Summer in the City, 1947
—after Helen Levitt
Your mudder is a Hore
chalked on the sidewalk
where the little girls
wiggle their shoulders,
flutter their skirts
in sluggish August heat.
On the stoop, their keepers
are fanning themselves.
"Just the reverse," her Leica says:
"The papas are glued to the stoop
by the sweat of their pants,
the mamas slump,
August is a bummer,
but look at those girls!
Their ankle socks,
their jivey feet."
Out here, North of Eden, the sky
makes no promises:
one moody cloud and the pressure
plummets. A cold eye keeps watch
even in the rage of heat.
Work is work, but the storms
are historic. Today the sky came unhinged
and the waters lashed
our shoes, our glasses, our helpless clothes.
That immortal weather was a bore.
Too civil. Too many grapes on the vine.
Morning fog, a mild obliging light,
and no rain, not a drop, from May till September.
We might have lulled ourselves
into living forever.
I've got my mother
secured by two magnets to the freezer door.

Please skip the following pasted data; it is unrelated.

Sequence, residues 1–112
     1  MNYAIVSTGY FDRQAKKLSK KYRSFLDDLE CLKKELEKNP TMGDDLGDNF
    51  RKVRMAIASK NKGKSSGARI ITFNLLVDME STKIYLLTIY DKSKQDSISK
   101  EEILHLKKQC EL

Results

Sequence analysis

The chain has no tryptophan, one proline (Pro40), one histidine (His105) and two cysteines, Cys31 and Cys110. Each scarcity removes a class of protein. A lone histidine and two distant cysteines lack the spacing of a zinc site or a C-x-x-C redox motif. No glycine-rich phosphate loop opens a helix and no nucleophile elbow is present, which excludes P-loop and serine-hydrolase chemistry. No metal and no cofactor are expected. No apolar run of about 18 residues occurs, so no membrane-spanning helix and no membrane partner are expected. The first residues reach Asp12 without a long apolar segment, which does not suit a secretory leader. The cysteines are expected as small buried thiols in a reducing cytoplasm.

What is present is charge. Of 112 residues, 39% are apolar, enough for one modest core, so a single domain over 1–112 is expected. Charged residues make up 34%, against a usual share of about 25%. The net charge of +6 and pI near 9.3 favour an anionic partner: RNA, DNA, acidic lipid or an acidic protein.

We're the same age, almost.
A cold day for both of us,
but she’s not complaining.
It’s a long long while from May
to Wherever, she sings off-key.
Ten years since she died, and she’s got
See how she managed
Glue Factory Road, all rocks and hard places,
with her walker, her pillbox, her purse
of sorrows, her freckled hands?
She used to put those hands to work
stripping and chopping,
tchik-tchok on the cutting board.
How did she manage
to chop without looking, to speak
without stopping to think?
She made those knuckly fingers of hers
button her beige sweater
inch by inch. Eighty years
to complete the course from
“I can button this all by myself”
to “I can still button.”
What a trouper you are! I salute her,
more generous than I used to be.
You never knew me, she comes back quietly,
and lately that’s an invitation,
not a complaint.